Funding in Indian ed-tech sector slid to USD 90 million in the first half of 2017, from USD 104 million in the same period of 2016.
Ed-tech industry in India has been a distant 4th or 5th to e-commerce in the line up of most popular sectors for investors in 2017.
If we pan back on the year, the ed-tech sector took a significant diversion to the enterprise segment, which has given it a major boost.
The boost, industry experts say, has come from the immediate requirement from IT companies to re-skill and up-skill existing manpower.
According to a McKinsey report tabled at the Nasscom India Leadership Forum in February, nearly half of the 3.9 million people employed in India’s IT services sector would become irrelevant in three-four years, unable to keep pace with new technologies.
The rush to catch up with new emerging tech trends is being felt across sectors, more so in IT and IT services companies.
This need from enterprises will be a key factor in driving the sector towards an eight-fold growth to hit USD 1.96 billion by 2021, as predicted by search giant Google and consultancy firm KPMG in a recent report.
Cashing on this surge is a number of startups such as Simplilearn, Pluralsight, Coursera, and UpGrad, among others, who have shifted to focus deeply on the enterprise segment in the past one year.
According to Arun Rajamani, Country Head and General Manager, Pluralsight, the skill set requirement today has changed significantly.
“Earlier it was more about acquiring a skill and going deeper. Today it’s about learning for a full-stack function as several functions are getting consolidated,” says Rajamani.
That’s the kind of target group that Pluralsight is eyeing.
Simplilearn too changed its focus to the enterprises segment 18 months ago.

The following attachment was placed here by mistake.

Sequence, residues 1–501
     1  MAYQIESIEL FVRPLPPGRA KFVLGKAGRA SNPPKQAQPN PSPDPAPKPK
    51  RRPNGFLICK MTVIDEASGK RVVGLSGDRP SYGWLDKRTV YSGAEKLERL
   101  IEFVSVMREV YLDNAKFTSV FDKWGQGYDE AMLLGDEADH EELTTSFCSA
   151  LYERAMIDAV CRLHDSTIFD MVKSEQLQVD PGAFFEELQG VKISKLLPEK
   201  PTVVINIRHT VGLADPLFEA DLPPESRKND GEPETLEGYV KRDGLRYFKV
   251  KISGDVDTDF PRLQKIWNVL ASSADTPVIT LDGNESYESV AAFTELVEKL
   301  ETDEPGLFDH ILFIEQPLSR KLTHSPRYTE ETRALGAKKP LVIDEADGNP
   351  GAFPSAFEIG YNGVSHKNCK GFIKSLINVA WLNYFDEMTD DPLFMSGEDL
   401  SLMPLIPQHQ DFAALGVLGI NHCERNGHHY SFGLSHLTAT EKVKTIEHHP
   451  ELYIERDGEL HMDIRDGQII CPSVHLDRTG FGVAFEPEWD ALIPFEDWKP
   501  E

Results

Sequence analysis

“Re-skilling, upskilling, and cross-skilling is driving a lot of queries," says Simplilearn founder and CEO Krishna Kumar.
"Training modules in India were limited to freshers till about a year ago. Nowadays focus in on re-skilling existing employees. That is pushing companies to build internal training modules quickly and for effective talent match,” he adds. Simplilearn currently gets about 30 percent of its business from enterprise clients when two of its main markets – India and US – are combined.
The company plans to increase this share to 50 percent by the end of next year.
Although the funding in ed-tech slid to USD 90 million in the first half of 2017, from USD 104 million in the same period of 2016, interest from investors has been on a rise.
This year, several ed-tech companies raised funds including Byju’s (USD 30 million), Cuemath (USD 15 million)t, Eruditus (USD 8.2 million), Unacademy (USD 4.5 million), and Toppr (approx USD 7 million), among others.
If you ask Kumar of Simplilearn, the need for external funding for players focused on a B2B market is not an immediate requirement.
“In the consumer segment the need for funding is higher, because of high cost of customer acquisition,” he adds.